Remarkable it is to see the Brook at Deeply Vale at full pelt. Swollen with fall off from the North Pennine Moors, it rattles its way along the Deeply Vale section like a bob sleigh. For over 200 metres the river has been laid with beautifully hewn sandstone setts and bordered with an imposing 2m high dry stone wall. It must have been a remarkable enterprise - no doubt the builders would have had to damn the river and re-direct it during construction.

I was brave and climbed into the river to take a few photographs and walked its full length to the top where the remains of a stone jamb to hold a sluice gate leans over tentatively.

I have produced a Google Earth archi-map of Cheesden where you can view the location of the Deeply Vale Mill and Brook which flows past.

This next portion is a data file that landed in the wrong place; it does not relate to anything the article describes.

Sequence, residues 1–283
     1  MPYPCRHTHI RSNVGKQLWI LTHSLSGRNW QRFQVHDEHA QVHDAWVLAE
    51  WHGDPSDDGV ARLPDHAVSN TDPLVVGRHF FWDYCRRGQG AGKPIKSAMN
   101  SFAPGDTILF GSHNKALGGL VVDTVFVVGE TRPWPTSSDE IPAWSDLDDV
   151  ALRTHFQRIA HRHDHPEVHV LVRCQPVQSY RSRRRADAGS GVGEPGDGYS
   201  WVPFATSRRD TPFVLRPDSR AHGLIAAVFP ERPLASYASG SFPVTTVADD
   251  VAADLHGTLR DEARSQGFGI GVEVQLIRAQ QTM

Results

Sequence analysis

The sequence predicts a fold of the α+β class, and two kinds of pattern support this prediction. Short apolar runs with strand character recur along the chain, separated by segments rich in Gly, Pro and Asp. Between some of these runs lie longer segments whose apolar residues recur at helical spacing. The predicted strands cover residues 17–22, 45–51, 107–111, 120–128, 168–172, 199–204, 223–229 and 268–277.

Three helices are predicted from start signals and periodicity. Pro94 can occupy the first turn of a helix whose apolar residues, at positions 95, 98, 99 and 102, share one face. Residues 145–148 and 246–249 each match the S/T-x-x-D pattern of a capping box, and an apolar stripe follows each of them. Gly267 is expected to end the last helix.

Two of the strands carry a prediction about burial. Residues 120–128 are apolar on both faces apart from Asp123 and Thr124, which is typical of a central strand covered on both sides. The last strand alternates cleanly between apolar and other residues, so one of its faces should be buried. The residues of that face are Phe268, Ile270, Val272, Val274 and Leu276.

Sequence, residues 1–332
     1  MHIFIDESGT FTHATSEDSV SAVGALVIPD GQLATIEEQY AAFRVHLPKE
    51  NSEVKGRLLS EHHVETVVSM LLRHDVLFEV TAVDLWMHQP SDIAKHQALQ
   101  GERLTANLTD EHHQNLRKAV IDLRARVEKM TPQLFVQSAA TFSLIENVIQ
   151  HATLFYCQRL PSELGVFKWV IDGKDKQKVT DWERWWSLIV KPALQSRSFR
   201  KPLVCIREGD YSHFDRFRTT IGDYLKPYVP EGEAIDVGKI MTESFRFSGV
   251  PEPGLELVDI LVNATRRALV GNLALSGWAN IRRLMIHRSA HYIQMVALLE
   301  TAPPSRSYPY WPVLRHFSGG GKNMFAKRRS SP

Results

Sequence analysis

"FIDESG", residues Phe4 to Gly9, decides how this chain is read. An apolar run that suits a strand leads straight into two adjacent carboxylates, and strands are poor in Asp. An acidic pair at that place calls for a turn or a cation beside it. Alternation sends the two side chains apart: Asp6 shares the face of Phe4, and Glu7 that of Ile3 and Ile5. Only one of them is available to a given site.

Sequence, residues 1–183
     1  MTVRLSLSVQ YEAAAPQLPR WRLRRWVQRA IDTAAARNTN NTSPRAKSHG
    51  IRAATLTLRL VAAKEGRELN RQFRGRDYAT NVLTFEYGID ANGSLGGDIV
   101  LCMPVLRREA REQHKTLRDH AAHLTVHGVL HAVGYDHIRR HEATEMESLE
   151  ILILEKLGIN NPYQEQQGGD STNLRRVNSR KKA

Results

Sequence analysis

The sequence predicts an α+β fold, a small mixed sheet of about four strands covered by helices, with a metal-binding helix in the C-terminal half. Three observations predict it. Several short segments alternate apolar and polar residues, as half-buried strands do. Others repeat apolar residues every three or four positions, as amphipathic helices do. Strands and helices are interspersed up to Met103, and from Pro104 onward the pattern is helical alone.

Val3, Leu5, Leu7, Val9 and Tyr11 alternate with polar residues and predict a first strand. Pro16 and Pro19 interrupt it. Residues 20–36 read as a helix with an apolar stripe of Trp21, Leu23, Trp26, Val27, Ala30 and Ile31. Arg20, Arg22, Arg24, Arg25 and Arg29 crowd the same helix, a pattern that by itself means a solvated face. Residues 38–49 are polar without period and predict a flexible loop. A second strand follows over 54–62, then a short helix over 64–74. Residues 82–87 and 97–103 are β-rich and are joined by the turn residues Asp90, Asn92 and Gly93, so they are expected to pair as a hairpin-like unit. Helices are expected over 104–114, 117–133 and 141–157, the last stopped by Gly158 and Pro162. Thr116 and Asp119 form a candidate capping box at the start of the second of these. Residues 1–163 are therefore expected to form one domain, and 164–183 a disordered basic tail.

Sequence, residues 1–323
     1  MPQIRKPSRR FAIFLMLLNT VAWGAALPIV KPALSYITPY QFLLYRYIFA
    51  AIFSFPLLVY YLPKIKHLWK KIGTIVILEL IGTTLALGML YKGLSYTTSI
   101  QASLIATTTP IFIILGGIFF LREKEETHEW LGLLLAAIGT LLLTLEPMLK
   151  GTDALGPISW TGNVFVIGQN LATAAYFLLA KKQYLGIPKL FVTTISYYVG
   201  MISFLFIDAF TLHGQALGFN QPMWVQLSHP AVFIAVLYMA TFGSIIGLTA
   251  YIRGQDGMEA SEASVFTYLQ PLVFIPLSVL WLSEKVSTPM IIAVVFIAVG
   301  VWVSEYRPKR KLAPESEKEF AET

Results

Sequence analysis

Sunday, February 05, 2006

Cheesden Pasture Mill


Built around 1810 for carding and spinning wool. The mill was powered by water from the large triangular lodge situated several feet above the mill. It converted to cotton spinning in the late 1830's whereafter the factory was enlarged to incorporate several thousand spindles. Sandiford and Asworth note 3 to 4000 spindles for spinning cotton waste yarns, 3 pairs of mules for spinning raw cotton and 5 reeling frames for winding the spun yarn into hanks in preparation for the dyer. In addition 30 looms made cloth from the spun yarn.

Here we can witness in one mill the transition from industrial unit focusing on producing wool for the outworker, to multi-faceted industrial unit focusing on producing cloth in a variety of forms and ranges - reeling in the majority of processes under one roof.

During the peak of its production a row of cottages were built to house workers. Later a steam engine was incorporated into the factory which helped produce gas to light the mill. A school room was also incorporated indicating the important role of the mill in the northern outback, in social matters during this time.

Remaining Archaeology